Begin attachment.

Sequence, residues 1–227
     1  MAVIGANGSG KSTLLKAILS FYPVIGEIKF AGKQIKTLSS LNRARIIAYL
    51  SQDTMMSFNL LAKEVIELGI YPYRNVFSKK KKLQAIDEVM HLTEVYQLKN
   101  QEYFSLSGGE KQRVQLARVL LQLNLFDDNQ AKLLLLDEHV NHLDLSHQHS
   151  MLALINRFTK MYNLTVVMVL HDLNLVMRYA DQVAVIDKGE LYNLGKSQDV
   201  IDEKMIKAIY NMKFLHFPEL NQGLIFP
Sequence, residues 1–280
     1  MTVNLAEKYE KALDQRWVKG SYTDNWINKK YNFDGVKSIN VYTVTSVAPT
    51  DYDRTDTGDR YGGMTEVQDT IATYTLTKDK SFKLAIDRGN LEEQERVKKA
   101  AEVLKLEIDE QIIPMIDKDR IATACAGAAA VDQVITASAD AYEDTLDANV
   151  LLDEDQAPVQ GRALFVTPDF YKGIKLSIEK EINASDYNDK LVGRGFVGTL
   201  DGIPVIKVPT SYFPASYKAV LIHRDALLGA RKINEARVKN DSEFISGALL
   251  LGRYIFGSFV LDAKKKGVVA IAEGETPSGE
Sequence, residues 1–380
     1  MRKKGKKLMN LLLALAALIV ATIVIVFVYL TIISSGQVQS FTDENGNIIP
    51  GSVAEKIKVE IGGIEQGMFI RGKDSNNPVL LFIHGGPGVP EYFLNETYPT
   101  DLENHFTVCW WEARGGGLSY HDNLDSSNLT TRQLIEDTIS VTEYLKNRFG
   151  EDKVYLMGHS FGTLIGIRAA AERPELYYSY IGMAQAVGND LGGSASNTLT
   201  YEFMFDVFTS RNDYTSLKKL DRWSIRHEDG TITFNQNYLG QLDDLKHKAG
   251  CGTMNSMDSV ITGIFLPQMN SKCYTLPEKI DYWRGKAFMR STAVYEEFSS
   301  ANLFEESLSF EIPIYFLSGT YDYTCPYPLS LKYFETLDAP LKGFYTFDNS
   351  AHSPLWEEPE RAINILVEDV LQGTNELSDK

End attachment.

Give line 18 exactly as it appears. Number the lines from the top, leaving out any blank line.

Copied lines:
   151  EDKVYLMGHS FGTLIGIRAA AERPELYYSY IGMAQAVGND LGGSASNTLT